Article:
Denver Regional Council of Governments

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An enlargeable map of the Denver Regional Council of Governments

The Denver Regional Council of Governments (DRCOG, pronounced Doctor Cog) is a nonprofit, membership organization of local governments in the Denver region of the State of Colorado. DRCOG is the designated Metropolitan Planning Organization (MPO) and the Transportation Planning Region (TPR) for the region, as well as the regional water quality planning agency and the Area Agency on Aging (AAA).

Extent[edit]

DRCOG covers a region that includes Adams, Arapahoe, Boulder, Broomfield, Clear Creek, Denver, Douglas, Gilpin and Jefferson counties and the southwest portion of Weld County. [1]

Denver Regional Council of Governments

County 2010 Census 2000 Census Pop Change
Adams County, Colorado !B9870018334325 441,603 !B9871954837877 363,857 !D0015433138305 +21.37%
Arapahoe County, Colorado !B9867431004848 572,003 !B9869019969404 487,967 !D0017590025021 +17.22%
Boulder County, Colorado !B9874067382395 294,567 !B9874179322525 291,288 !D0044867739706 +1.13%
City and County of Broomfield, Colorado !B9890688771401 55,889 !F 0 !O NA
Clear Creek County, Colorado !B9908852898590 9,088 !B9908598675230 9,322 !H9963151886384 −2.51%
City and County of Denver, Colorado !B9866950517671 600,158 !B9867739326782 554,636 !D0025001163171 +8.21%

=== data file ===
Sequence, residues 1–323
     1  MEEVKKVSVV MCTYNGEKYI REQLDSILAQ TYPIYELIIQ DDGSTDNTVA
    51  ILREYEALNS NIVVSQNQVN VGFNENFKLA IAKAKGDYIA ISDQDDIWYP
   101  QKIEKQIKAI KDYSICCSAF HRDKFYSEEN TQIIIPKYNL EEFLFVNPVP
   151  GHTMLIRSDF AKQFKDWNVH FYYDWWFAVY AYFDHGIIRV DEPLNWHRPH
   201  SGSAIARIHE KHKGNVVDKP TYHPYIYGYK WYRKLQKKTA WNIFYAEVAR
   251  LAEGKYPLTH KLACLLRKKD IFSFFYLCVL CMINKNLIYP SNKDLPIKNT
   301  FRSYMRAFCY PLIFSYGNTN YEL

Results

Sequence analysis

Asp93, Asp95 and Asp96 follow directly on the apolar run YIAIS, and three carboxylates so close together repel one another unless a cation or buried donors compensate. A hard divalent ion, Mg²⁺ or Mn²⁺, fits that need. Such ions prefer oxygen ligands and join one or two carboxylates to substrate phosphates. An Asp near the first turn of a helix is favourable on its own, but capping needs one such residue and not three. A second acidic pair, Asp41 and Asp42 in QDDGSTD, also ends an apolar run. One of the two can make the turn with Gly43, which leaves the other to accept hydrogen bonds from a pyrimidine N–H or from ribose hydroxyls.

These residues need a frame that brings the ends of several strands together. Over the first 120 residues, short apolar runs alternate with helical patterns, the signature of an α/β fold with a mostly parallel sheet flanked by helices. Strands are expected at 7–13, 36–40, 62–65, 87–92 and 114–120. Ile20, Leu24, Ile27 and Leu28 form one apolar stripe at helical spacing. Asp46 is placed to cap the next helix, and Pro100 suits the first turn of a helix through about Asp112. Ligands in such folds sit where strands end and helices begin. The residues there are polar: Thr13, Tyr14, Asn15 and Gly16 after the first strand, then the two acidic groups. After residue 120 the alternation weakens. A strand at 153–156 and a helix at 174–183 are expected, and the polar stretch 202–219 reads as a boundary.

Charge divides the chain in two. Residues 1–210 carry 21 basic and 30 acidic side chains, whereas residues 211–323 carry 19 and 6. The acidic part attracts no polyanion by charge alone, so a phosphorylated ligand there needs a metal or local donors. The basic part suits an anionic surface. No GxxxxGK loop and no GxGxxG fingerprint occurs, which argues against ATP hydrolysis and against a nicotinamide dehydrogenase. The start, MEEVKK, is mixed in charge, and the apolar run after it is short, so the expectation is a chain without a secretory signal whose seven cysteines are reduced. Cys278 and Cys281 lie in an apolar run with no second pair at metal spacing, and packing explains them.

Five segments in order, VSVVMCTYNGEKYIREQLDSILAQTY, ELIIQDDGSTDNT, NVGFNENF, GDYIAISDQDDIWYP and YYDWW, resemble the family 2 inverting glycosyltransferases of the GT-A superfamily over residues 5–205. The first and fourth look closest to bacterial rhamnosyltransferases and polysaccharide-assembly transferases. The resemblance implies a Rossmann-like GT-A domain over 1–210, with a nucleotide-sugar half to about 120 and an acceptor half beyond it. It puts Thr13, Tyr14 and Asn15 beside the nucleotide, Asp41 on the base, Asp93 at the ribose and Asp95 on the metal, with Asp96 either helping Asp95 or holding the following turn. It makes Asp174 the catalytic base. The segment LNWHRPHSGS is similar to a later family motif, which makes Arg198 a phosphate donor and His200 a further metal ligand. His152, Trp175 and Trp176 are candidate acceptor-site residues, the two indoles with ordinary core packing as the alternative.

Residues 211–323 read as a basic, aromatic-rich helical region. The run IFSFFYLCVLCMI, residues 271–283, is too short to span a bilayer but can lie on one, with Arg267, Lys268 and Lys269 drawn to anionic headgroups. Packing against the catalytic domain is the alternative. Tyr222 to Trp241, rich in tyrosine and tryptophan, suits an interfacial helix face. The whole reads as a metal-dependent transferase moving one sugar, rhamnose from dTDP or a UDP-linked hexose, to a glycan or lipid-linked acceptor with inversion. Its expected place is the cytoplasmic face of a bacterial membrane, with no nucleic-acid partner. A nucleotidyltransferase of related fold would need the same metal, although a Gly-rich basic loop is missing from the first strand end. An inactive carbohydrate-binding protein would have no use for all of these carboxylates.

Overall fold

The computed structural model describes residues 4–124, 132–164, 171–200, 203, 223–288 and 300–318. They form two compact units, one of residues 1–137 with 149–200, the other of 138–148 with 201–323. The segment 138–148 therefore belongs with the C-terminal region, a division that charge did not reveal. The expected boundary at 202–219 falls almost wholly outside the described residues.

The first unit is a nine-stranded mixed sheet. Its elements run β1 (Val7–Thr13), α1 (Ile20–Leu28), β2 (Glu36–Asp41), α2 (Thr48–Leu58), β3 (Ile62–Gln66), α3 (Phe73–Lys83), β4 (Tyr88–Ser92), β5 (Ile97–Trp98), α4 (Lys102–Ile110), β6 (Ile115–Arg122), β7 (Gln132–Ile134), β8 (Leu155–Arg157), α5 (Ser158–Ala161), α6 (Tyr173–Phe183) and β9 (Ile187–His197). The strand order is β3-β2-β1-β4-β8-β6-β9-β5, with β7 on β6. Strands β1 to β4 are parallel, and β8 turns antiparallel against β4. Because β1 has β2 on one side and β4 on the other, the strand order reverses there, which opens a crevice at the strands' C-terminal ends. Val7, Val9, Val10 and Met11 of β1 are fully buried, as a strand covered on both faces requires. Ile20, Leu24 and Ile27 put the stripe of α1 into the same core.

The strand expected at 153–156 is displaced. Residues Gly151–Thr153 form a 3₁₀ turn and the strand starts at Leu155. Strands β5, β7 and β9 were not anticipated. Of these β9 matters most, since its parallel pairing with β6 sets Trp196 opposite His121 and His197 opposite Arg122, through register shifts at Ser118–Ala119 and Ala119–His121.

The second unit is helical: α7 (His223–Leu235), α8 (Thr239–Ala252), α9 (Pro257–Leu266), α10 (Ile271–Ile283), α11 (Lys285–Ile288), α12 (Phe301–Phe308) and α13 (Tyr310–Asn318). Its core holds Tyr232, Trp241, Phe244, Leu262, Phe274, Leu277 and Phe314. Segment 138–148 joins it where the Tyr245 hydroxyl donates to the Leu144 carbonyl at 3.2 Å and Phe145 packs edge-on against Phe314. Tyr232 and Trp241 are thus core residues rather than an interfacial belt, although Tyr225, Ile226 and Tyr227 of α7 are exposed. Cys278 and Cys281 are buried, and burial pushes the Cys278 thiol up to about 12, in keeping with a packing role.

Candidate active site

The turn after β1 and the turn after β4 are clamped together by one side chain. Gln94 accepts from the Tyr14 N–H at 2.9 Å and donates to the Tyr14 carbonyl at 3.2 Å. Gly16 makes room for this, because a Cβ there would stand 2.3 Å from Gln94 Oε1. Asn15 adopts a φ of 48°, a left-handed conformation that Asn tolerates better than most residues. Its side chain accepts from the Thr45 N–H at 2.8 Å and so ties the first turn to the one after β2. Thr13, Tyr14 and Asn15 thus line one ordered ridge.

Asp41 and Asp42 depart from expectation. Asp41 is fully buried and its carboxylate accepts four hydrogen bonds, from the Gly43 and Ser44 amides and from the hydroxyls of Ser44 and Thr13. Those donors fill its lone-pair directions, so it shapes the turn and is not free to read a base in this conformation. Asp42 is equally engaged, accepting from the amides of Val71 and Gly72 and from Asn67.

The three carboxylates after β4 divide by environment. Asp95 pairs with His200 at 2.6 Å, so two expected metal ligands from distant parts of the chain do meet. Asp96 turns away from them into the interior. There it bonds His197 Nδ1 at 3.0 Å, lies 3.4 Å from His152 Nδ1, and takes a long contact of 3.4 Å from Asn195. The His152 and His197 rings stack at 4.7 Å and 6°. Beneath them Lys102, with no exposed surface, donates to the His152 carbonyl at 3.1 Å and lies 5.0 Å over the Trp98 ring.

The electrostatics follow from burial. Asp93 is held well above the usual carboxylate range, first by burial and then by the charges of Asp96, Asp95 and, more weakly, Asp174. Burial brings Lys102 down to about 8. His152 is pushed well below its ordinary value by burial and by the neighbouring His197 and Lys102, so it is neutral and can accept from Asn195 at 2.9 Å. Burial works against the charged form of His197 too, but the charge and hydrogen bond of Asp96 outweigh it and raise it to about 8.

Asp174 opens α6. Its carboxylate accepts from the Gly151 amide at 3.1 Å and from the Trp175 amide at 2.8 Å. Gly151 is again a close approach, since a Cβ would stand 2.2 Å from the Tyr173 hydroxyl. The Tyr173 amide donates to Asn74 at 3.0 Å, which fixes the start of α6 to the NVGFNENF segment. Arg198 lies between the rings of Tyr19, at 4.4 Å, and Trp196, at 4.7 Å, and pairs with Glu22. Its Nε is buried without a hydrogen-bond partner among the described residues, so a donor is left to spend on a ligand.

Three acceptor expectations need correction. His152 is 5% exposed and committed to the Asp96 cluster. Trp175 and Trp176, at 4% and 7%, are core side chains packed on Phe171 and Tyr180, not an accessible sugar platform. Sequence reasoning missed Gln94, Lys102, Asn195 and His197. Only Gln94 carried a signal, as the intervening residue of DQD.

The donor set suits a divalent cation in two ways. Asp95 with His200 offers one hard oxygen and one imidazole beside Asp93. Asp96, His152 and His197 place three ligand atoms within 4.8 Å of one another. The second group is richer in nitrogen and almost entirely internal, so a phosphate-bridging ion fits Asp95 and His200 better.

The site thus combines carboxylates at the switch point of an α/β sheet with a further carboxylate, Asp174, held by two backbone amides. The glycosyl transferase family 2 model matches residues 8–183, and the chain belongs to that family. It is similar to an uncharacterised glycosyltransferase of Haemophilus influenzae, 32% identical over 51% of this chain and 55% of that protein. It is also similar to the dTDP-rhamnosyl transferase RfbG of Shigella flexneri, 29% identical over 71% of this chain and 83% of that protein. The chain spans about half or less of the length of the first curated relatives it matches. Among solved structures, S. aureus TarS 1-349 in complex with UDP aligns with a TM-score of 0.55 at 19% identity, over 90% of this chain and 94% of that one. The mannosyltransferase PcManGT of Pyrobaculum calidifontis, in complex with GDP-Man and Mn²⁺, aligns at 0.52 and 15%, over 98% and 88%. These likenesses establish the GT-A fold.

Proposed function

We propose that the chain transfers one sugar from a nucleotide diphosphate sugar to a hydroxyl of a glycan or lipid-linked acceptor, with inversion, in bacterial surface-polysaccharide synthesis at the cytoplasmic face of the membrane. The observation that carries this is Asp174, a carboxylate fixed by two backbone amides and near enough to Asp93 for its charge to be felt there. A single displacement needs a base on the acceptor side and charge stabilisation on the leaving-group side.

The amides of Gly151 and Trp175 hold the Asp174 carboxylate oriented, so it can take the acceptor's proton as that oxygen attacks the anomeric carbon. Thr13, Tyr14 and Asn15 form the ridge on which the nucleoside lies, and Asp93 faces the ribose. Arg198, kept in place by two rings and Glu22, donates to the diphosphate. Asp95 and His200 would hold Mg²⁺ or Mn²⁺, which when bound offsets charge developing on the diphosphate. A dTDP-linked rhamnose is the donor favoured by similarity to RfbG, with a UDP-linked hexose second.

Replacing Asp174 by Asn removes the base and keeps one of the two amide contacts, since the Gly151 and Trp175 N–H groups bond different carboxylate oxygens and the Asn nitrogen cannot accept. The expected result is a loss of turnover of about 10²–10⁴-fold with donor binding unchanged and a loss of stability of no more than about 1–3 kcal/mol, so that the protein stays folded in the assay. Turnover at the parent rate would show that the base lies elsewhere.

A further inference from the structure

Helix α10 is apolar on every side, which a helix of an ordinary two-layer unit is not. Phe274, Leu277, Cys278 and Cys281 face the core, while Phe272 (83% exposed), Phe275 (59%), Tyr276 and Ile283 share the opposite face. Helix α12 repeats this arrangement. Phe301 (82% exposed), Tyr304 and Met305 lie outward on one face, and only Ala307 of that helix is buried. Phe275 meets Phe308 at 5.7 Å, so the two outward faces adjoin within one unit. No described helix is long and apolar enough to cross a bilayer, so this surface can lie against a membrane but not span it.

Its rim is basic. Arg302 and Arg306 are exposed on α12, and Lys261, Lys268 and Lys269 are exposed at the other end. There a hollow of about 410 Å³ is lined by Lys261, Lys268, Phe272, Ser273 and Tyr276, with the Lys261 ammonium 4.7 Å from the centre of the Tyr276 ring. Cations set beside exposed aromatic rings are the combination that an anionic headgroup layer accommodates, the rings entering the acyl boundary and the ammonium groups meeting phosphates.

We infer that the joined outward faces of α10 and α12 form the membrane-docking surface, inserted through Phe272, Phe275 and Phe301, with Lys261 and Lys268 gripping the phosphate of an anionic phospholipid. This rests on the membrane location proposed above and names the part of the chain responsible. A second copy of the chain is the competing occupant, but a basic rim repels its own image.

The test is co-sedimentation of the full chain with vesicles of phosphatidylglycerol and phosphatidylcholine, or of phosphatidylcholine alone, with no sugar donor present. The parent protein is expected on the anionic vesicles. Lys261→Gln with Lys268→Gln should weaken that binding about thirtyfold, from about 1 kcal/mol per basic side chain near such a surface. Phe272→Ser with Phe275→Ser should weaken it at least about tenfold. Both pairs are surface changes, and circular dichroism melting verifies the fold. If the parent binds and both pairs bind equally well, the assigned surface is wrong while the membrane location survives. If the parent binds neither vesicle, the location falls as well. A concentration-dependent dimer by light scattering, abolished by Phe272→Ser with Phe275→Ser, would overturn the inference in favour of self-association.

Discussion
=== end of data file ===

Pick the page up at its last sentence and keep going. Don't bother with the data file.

Douglas County, Colorado !B9874381252913 285,465 !B9879230911560 175,766 !D0004714133134 +62.41%
Gilpin County, Colorado !B9913982818535 5,441 !B9915326275035 4,757 !D0019394145788 +14.38%
Jefferson County, Colorado !B9868108325447 534,543 !B9868249379162 527,056 !D0042541386215 +1.42%
Total !B9851553140519 2,798,757 !B9853029355071 2,414,649 !D0018383854508 +15.91%

History and Organization[edit]

DRCOG was officially formed Feb. 15, 1955, to bring a regional perspective to discussions about the metro area’s most pressing problems and to address those concerns through cooperative local government action. The voluntary association continues to offer opportunities for local officials to work together on regional issues, such as growth and development, transportation, the environment, water quality and older adult services.

More than 50 metro area local county and municipal governments are members of DRCOG. Each jurisdiction appoints a representative to the DRCOG Board of Directors. The Board is composed of elected officials (county commissioners, mayors, city council or town board members), as well as three non-voting members designated by Colorado’s governor. Board officers serve one-year terms starting each February. The Board meets monthly to discuss and act on regional issues. The Board allows time for public comment at each meeting, and holds regular public hearings.

A number of standing committees also meet regularly, and ad hoc committees are convened as necessary.

Program Areas[edit]

DRCOG’s primary program areas include:

  • Regional planning – DRCOG is the regional planning commission for the Denver metro area. Since its creation, DRCOG has prepared regional plans. Metro Vision is the region’s current plan to guide growth, transportation and environmental quality to the year 2035. Metro Vision, first adopted in 1997, is the foundation of the regional council’s long-range planning activities. The Mile High Compact is a voluntary intergovernmental agreement through which local governments manage growth by adhering to Metro Vision principles. A number of planning awards have recognized Metro Vision and the Mile High Compact.